Marv's 1998 Trip to
Marv here. This trip to South-East Asia
was a wonderful experience. The map to the left shows
Thailand and the two bordering countries that we visited;
Burma and Laos. Bangkok is at the bottom of the map and
Chaing Mai at the top. I will be posting pictures from
travelling with Fred Piellusch, whose wife, (my sister
Helen) couldn't travel with him because of teaching
responsibilities. Tsk, tsk. Retirement has some benefits.
My journey involved a 9 hour drive to Greenville, SC; a
morning flight on March 4 to Detroit, Mich. followed by a
12 hour flight to Tokyo. From there, it still was a 6
hour flight to Bangkok and we didn't get their until 11
A.M. Thursday, which was 11 P.M. Thursday local time. I
didn't even bother changing the time on my watch. I just
tried to remember which day it was without consulting the
watch, which was wrong half of the time.
Thailand -- Table of Contents
Exploring Bangkok below on Day 1, Day 2; Day 2 - Cont.
3 - Wat Pho Temple in
more look at Bangkok
Last. Some personal and family notes
|Bangkok is a
big, polluted, noisy city. We stayed at the
Holiday Crown Plaza, pictured to the right, and
the view above is from the 23rd floor of that
building. It shows the general direction of our
first walk on Friday morning. This was to be to
the American Embassy, since Fred knew of a couple
working there who could give us travel tips.
|On the way, we walked through a pretty,
flowered park, pictured below and went by an
exercise area (above) hosting some amused Thai
||Across the lake, looking back from where
we came, was a very impressive view of the Bangkok
skyline, pictured below. Here in the park, it was very
quiet and peaceful, a marked contrast to the conditions
of most of our walks. The city is full of cars,
motorcycles and tuk tuks, (pronounced "toook
toook"). These were motor tricycles with a little
seat in back that holds two persons, at least. The fare
was very low in these things and that is appropriate
since one feels a little life threatened in them. I
didn't get a good picture on one, but later in the Chaing
Mai portion of this travelogue, I show some pictures on a
ride we took. The pollution is mainly because there is
still leaded gas being sold for automobiles.
|We found the Embassy, and the
picture Fred took of me was wrought with danger.
Just when he took the picture, I notice four Thai
guards coming up to Fred gesturing fanatically. I
knew then that we weren't supposed to be taking
that picture and I was about to stop him and
profusely apologize. Fred kept fumbling with the
camera giving the impression that he had not
taken it, and we were able to keep the film. Why
were we not allowed? Embassies are like that, all
over the world.
picture to the left is a view of the street where the
Embassy was located taken from a bridge over the street.
Some day, I will learn to hold the camera vertical. Thank
heaven for Photo-shop. Our eventual destination, after a
very long hot (95 degrees F.) walk, was the beautiful
teak house built by Jim Thompson. He was a CIA agent that
lived in Bangkok He started the silk importing industry
and built a fabulous teak house near a river. It is a
trak house, built in six separate pieces, brought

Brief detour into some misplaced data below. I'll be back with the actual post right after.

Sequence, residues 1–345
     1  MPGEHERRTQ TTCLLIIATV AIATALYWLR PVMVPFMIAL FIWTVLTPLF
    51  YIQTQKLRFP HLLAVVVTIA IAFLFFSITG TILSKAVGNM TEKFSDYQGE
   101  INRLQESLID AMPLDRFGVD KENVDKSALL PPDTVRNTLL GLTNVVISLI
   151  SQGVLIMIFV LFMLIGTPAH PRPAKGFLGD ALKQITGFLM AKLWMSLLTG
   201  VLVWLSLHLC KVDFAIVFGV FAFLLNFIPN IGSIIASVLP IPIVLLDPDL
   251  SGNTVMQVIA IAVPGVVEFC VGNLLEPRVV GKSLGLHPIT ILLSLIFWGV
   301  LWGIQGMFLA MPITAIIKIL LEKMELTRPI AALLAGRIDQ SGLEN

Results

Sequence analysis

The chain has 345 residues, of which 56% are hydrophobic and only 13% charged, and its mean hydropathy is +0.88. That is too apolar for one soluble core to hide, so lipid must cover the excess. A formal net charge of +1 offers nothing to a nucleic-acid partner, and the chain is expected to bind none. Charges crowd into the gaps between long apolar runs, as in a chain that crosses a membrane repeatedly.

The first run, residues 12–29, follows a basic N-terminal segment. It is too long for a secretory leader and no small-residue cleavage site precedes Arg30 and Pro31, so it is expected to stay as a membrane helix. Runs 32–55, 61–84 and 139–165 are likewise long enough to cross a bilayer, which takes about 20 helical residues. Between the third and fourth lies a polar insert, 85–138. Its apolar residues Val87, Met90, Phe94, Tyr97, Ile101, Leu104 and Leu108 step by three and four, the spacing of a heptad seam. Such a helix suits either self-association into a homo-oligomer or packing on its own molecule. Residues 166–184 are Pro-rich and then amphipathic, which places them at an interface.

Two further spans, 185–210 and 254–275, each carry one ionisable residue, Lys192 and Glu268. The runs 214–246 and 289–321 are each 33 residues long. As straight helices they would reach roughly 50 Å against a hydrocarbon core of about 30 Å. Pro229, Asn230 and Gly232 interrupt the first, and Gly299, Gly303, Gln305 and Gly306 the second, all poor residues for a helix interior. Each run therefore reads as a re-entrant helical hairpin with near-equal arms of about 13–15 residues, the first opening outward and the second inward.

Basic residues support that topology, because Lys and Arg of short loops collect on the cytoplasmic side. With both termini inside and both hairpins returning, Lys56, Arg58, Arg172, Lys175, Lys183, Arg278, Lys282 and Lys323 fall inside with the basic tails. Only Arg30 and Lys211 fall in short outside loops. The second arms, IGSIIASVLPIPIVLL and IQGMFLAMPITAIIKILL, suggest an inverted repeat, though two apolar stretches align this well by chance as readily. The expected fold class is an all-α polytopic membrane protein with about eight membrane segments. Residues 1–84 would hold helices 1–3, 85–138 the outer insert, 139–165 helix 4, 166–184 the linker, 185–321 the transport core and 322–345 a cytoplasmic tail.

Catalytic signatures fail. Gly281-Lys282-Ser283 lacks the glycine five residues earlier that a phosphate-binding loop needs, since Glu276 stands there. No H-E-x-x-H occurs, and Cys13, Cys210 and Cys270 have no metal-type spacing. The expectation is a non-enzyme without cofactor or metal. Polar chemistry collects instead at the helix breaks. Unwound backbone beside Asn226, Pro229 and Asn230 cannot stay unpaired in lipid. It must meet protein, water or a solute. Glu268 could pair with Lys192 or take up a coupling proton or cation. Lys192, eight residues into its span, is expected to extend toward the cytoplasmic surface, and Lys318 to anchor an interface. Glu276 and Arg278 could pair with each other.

separately to Bangkok and put together. The house
contains many relics, pots and even a Buddha statue which
I couldn't photograph. In 1967, he vanished in the
Cameroon Highlands of West Malasia, on some sort of
Above, an English speaking guide is describing one of the
wooden relics he left in the house.
|Upper right & left:
Two exterior views of house. Upper middle,
pots and wooden print frame. Lower left;
a little house in the garden that had to never be in
shadow of house. Lower right; Fred and
feet. Most houses demanded that visitors take off shoes
before entering. Nice rule, eh Kris?
||After our relaxing drink, we decided to
walk west to the Chao Phraya River, which bisects the
city going north and south. The lady at the Embassy said
that all the primary tourist attractions are located near
the river. Fred's guide book told of a very efficient
river express boat system so we thought once we walked to
the river, we could get back to our hotel easily without
much more walking. It was very hot. In fact, I thought
when I took the picture to the left, I would entitle it
||For a while, we walked
through a neighborhood with shops like the one below that
seemed only to sell Buddha's, some shrink wrapped like
the picture below.
|What we were looking for was the Grand
Palace, one of the most visited tourist
attractions in the whole city. We walked and
walked, and must have misread the map and thought
we were very close to the river. The elaborate
temple to the left looked grand, but there were
not enough tourists around to be the thing we
|The gold Buddha in a great
temple to the left , and all the spires on the
grounds in the picture above looked promising,
but still there were few tourists.
|And what do you think of the Buddhas
lined up in a row which was inside of one of the temples
in that complex. I even saw a picture of something like
that in my book.
Well, Fred and I never really found out where we were
that afternoon. We found a place to eat lunch, decided
that we simply hadn't walked far enough, and plodded on.
We found the Grand Palace surrounded by a huge wall, and
were suddenly pestered by tuk tuk drivers to take us
there but it was so late in the afternoon, we decided to
head home and come back the next day for the Grand
We sucessfully found the river, went back to
the Holiday Inn and collapsed in air conditioned comfort.
If you wish, you may continue with Day Two.